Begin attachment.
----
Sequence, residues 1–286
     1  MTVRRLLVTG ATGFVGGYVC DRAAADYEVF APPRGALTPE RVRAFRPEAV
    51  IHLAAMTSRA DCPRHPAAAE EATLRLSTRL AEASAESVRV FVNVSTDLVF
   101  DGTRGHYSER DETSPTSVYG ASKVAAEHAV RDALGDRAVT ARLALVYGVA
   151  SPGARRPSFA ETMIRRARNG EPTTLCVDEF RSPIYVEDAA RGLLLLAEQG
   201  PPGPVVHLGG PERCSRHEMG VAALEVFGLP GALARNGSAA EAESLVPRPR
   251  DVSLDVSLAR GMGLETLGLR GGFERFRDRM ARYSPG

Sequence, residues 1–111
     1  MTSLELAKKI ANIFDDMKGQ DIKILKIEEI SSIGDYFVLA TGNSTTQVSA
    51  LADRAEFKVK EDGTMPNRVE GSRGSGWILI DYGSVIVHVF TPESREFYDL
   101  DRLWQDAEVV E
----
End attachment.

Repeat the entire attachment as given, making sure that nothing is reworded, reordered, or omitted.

Sequence, residues 1–286
     1  MTVRRLLVTG ATGFVGGYVC DRAAADYEVF APPRGALTPE RVRAFRPEAV
    51  IHLAAMTSRA DCPRHPAAAE EATLRLSTRL AEASAESVRV FVNVSTDLVF
   101  DGTRGHYSER DETSPTSVYG ASKVAAEHAV RDALGDRAVT ARLALVYGVA
   151  SPGARRPSFA ETMIRRARNG EPTTLCVDEF RSPIYVEDAA RGLLLLAEQG
   201  PPGPVVHLGG PERCSRHEMG VAALEVFGLP GALARNGSAA EAESLVPRPR
   251  DVSLDVSLAR GMGLETLGLR GGFERFRDRM ARYSPG

Sequence, residues 1–111
     1  MTSLELAKKI ANIFDDMKGQ DIKILKIEEI SSIGDYFVLA TGNSTTQVSA
    51  LADRAEFKVK EDGTMPNRVE GSRGSGWILI DYGSVIVHVF TPESREFYDL
   101  DRLWQDAEVV E